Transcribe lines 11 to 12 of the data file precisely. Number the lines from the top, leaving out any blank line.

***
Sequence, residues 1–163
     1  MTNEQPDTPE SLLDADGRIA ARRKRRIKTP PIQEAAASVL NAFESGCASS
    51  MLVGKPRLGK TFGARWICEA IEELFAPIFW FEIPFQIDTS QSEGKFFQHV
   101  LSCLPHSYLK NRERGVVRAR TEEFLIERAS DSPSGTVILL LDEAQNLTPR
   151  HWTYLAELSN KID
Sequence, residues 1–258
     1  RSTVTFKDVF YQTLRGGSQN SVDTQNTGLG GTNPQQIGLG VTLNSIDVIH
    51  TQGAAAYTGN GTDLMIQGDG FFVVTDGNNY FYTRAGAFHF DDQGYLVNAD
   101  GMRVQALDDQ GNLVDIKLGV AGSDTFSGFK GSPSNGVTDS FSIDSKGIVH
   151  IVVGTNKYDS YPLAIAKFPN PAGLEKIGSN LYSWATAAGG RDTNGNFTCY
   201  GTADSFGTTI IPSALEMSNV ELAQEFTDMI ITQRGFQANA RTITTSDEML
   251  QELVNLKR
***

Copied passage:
   201  GTADSFGTTI IPSALEMSNV ELAQEFTDMI ITQRGFQANA RTITTSDEML
   251  QELVNLKR